There are four species of rattlesnakes in the U.S. state of Colorado. They are listed below:
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- Prairie Rattlesnake (Crotalus viridis viridis)
- Midget-faded Rattlesnake (Crotalus concolor)
- Desert Massasauga (Sistrurus catenatus edwardsii)
- Western Massasauga (Sistrurus catenatus tergeminus)
Rattlesnakes are pit vipers. which means that they have triangular shaped heads and heat-sensing pit organs, which are located below and slightly in front of each eye. They also have vertical elliptical pupils, which make their eyes look similar to cat’s eyes.
In general, rattlesnakes have tan to dark olive-green skin that is mottled over with a darker brown color pattern.
The first thing people think about with regard to Rattlesnakes is their tails. When they are disturbed, they vibrate their tails. This makes a buzzing or rattling-type sound. Sometimes rattlers strike without rattling. Sometimes their rattles fall off. You must be aware of where you are placing your hands, walking, running, or sitting down. If you hear a rattling noise, do not move until you spot where it’s coming from. Otherwise, you may accidentally move into the snake, allowing it to strike you.
If you are going to be hiking in rattlesnake country, it would be a good idea to wear snake boots or snake gaiters to protect your ankles from being bitten by a snake.
Around 200 people in Colorado suffer rattlesnake bites each year. See The vast majority of these are non-life threatening, due to most victims having access to prompt medical treatment. Sometimes though, even with medical treatment and anti-venom, rattlesnake bite victims die from their injuries.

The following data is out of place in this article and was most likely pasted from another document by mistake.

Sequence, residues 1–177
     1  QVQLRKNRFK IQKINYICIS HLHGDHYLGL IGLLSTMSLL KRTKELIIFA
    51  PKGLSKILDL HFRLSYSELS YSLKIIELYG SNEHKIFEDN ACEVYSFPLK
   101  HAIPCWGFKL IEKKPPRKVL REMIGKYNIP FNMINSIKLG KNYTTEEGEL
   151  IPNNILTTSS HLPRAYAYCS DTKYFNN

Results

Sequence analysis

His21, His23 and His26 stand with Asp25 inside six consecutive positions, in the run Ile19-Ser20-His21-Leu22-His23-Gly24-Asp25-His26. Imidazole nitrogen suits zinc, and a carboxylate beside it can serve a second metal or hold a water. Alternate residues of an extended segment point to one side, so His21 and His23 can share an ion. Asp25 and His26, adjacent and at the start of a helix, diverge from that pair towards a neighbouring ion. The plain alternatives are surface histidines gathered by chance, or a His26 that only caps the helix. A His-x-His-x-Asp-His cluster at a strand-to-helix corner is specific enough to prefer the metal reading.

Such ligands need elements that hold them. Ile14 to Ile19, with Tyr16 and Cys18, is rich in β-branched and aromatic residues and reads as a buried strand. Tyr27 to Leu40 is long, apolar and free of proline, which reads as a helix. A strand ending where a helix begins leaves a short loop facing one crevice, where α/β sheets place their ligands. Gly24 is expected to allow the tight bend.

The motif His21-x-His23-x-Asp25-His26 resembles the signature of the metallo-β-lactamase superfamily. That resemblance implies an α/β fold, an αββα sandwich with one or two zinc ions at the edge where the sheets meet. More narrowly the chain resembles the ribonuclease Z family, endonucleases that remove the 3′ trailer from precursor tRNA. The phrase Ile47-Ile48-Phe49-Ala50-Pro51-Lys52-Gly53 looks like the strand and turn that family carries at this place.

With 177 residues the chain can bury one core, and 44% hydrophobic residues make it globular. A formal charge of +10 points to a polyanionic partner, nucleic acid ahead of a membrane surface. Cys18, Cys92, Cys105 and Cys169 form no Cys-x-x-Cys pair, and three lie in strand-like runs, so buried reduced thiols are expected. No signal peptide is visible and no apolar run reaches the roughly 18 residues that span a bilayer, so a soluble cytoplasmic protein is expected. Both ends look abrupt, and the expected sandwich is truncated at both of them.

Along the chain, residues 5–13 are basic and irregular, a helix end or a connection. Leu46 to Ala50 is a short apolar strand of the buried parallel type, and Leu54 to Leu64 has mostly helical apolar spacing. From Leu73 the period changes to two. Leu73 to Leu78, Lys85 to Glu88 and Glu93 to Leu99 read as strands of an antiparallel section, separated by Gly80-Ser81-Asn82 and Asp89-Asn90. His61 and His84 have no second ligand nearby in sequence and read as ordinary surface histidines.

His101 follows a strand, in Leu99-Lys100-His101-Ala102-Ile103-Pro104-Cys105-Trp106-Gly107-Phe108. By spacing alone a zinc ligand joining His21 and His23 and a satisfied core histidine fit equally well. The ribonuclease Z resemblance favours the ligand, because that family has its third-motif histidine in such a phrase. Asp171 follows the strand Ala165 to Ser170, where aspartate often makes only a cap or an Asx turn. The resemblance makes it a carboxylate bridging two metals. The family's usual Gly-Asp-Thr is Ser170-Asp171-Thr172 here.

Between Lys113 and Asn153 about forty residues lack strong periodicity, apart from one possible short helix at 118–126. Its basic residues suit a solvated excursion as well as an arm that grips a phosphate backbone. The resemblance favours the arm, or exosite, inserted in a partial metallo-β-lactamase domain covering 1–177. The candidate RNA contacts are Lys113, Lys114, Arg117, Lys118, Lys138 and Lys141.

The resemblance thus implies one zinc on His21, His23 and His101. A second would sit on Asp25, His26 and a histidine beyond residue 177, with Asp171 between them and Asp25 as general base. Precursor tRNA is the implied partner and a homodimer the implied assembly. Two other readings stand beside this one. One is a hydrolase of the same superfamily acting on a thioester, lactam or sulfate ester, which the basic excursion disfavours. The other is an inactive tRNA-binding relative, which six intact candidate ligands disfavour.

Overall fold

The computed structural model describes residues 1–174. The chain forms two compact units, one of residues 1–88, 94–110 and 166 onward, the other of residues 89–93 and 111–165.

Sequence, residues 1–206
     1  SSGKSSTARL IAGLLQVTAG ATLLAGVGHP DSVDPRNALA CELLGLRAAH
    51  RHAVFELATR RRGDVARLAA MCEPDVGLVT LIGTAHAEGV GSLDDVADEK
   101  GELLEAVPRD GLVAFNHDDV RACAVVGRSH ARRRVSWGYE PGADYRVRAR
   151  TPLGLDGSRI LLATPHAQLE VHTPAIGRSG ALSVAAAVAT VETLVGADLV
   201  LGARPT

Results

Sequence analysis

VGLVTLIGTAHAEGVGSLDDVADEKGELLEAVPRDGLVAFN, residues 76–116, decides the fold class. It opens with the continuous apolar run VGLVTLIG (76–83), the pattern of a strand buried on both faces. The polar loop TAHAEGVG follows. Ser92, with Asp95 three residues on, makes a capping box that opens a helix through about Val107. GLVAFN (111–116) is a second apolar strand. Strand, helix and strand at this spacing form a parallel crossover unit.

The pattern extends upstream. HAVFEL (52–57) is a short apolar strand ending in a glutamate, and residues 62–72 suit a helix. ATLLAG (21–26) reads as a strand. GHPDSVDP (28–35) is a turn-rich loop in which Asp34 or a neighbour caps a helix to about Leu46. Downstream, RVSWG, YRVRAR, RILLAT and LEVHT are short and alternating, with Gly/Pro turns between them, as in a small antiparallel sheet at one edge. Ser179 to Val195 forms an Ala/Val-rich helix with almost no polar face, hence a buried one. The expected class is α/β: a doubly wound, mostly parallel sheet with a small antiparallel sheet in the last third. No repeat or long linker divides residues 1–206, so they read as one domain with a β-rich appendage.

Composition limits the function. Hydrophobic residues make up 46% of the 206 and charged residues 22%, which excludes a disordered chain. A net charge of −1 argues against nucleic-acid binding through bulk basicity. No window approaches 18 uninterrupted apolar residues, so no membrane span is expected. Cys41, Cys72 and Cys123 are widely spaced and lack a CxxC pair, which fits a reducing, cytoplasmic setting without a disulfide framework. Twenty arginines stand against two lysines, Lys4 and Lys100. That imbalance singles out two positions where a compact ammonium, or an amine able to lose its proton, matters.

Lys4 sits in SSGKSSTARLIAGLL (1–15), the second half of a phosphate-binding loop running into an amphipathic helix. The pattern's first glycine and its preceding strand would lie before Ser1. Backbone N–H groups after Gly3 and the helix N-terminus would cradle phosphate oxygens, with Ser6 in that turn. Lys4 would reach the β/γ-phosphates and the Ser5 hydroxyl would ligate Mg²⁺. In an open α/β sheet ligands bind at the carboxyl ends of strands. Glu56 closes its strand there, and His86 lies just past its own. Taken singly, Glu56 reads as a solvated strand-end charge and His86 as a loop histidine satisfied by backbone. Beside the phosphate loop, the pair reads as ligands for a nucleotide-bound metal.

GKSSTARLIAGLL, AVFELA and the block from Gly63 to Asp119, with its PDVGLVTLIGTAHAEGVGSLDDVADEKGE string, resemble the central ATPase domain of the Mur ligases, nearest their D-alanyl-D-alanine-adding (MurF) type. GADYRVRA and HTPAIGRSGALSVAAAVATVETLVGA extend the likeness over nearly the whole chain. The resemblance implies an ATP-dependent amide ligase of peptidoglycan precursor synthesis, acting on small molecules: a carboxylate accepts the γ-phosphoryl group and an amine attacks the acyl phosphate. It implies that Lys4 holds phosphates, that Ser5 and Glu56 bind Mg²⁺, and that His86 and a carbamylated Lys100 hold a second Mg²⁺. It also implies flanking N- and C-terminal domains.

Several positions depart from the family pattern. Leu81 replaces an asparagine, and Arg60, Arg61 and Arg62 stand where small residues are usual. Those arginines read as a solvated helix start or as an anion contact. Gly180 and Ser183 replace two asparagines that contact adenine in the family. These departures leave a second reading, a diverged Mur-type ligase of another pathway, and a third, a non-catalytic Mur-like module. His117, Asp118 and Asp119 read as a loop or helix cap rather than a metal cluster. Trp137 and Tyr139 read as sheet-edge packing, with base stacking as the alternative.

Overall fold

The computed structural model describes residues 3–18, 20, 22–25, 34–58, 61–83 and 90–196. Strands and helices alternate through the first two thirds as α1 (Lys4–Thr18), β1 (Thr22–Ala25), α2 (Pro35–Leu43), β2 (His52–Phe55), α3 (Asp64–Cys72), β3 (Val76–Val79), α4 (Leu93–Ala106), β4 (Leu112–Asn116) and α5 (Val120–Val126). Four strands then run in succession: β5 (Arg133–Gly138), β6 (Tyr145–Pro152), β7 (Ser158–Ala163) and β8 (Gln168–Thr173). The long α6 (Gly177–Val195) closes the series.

The most recent fatal rattlesnake bite in Colorado occurred in 2022 when a 6-year-old boy was bitten southeast of Fort Carson, Colorado.
Prior to that, a 31-year-old man was bitten by a rattlesnake and fatally envenomated while hiking near Golden, Colorado.
The Prairie Rattlesnake grows anywhere from 3ft to 5ft long. They are tan-colored with varying colors of brown blotches covering their bodies. They have a distinguishing triangle-shaped head with pit sensory organs on either side. A light stripe runs diagonally from the back of its eye to its jaw, and another strip runs diagonally from below its eye to the corner of its mouth. Prairie Rattlesnakes are mostly ground snakes, but they occasionally climb into shrubs, bushes, or trees. Prairie Rattlesnake bites are both hemotoxic and neurotoxic.
The Prairie Rattlesnake is found throughout Colorado. Look for them in open prairies, semi-desert shrubland, open grasslands, sandhills, piñon-juniper forests, riparian zones, and woodland habitats up to 9,500 ft in elevation. See They may take up residence in prairie dog towns and live in appropriated prairie dog burrows.
Adult prairie rattlesnakes primarily feed on small mammals such as mice, rats, and prairie dogs. They also feed on lizards, small snakes, eggs, birds, and carrion.